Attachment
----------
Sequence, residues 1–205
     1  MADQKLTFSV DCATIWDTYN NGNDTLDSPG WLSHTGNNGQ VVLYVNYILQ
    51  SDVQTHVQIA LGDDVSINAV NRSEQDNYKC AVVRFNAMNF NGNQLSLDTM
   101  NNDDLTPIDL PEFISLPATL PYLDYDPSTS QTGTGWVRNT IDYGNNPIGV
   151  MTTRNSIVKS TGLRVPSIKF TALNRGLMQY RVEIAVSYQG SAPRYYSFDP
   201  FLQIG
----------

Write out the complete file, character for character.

Sequence, residues 1–205
     1  MADQKLTFSV DCATIWDTYN NGNDTLDSPG WLSHTGNNGQ VVLYVNYILQ
    51  SDVQTHVQIA LGDDVSINAV NRSEQDNYKC AVVRFNAMNF NGNQLSLDTM
   101  NNDDLTPIDL PEFISLPATL PYLDYDPSTS QTGTGWVRNT IDYGNNPIGV
   151  MTTRNSIVKS TGLRVPSIKF TALNRGLMQY RVEIAVSYQG SAPRYYSFDP
   201  FLQIG